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The Champions League records that have come tumbling down in 2020/21

This season’s Champions League has seen a number of records broken or equalled, and in some cases absolutely smashed. 

 

We might as well start with the two young footballers who are quickly becoming the game’s fastest-rising stars.

Haaland’s quick start

Erling Haaland’s brace against Sevilla on Tuesday night made him the fastest player to reach 20 goals in the Champions League, doing so in just 14 matches.

On top of that Haaland became the first player in the competition’s history to score at least two goals in four consecutive appearances in the competition, as well as the youngest player to score in six straight competition matches.

The Borussia Dortmund striker is also the top-scoring Norwegian in the competition after surpassing Ole Gunnar Solskjaer’s previous record of 19.

Mbappé overtakes Messi

One imagines that Kylian Mbappé will break a lot of records in his career, and he overtook two in one go on Wednesday evening.

The Frenchman’s penalty for PSG in their 1-1 draw with Barcelona saw him become the youngest player in Champions League history to reach 25 goals in the competition at 22 years and 80 days of age. The man he overtook was none other than Lionel Messi.

That goal was his fourth over two legs against Barça, the most a player has ever scored against the Catalan outfit in a single season in the competition. His hat-trick in the first leg was the first time anyone had scored three goals against the Blaugrana at the Nou Camp in a knockout tie.

Please, can we not spend the next decade pitting Mbappé and Haaland against each other?

Longest winning run

Bayern Munich created history last season when they became the only team to win every match in a single Champions League campaign, winning 11 out of 11 games on their way to glory.

The Bavarian outfit continued that winning feeling into this season, coming out victorious in their opening four group games of the competition. As a result their 15 consecutive wins is a Champions League record, and equals Atlético Madrid for most successive wins in a European competition (Europa League).

Bayern’s run started on 18 September 2019 with a 3–0 win against Red Star Belgrade, and ended on 1 December 2020 with a 1–1 draw against Atlético Madrid.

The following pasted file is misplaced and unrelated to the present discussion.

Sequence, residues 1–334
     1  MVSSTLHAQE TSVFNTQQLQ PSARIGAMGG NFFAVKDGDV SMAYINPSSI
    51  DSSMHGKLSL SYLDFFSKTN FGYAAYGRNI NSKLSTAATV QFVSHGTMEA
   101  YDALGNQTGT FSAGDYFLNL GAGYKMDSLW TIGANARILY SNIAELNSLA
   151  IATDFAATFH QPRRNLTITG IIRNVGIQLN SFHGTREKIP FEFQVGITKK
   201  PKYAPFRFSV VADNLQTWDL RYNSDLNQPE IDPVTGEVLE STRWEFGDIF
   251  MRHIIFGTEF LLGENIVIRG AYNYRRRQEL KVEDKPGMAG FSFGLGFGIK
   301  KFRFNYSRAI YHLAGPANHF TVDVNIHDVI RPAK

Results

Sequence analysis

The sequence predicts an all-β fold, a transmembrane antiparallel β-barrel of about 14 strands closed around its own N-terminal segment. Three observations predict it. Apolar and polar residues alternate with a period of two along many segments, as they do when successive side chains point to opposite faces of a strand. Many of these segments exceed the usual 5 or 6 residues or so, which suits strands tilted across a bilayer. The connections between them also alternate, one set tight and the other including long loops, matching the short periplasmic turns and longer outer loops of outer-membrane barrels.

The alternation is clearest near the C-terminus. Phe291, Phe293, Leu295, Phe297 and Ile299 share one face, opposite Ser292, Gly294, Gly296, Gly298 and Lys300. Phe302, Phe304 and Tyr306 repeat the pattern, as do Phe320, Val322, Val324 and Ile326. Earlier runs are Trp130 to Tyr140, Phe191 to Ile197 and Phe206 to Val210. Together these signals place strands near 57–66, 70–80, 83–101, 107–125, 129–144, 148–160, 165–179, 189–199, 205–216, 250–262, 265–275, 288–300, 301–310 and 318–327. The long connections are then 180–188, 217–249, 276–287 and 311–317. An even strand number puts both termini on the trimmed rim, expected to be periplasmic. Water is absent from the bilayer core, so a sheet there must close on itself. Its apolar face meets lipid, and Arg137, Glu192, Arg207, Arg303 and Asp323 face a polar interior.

They remain undefeated in Europe since the beginning of last season, with their last defeat coming against Liverpool in the round of 16 in 2018/19.

Their manager Hansi Flick also holds the record for most consecutive wins as a coach, claiming victory in 12 in succession before that draw with Atleti. The only other manager to do this is Jupp Heynckes, who won 12 with Bayern between 2013 and 2018 either side of his initial retirement.

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Longest losing run

It’s been a bit of a wild season for Olympique Marseille, who sacked their manager Andre Villas Boas following a controversial press conference.

The French club made some unwanted history in this season’s tournament when they lost for the 13th time in a row – the longest losing streak in Champions League history.

The streak lasted a mammoth eight years, beginning with a 2-1 loss against Inter Milan in the last 16 on 13 March 2012, and continued up to a 2-0 defeat to Porto on 25 November 2020. They finally broke their duck on 1 December 2020 with a 2-1 win against Olympiacos.

Longest home undefeated run

The record for the longest home unbeaten streak belongs to Bayern Munich, which ran for 43 games between 1969 and 1991.

If we look at the Champions League era (i.e. since 1992), however, the record stands at 38 games. Held by Barcelona, the run began with a 4–0 win against Ajax in the first match of the 2013–14 group stage and ended after a 3–0 loss to Juventus in the final match of the 2020–21 group stage.

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Longest away undefeated run

Once again Bayern Munich feature. The German champions hold the record for the longest away unbeaten run, having avoided defeat for 17 games.

The run began with a 2-1 win against Celtic in the 2017/18 group stage and continued with their recent 4-1 victory over Lazio in the first leg of their round of 16 tie.

Technically two of these matches were played in neutral venues, as they faced Barcelona and Lyon in the 2019/20 quarter-finals and semi-finals respectively, both of which were played in Lisbon over a single leg as a result of the COVID-19 pandemic.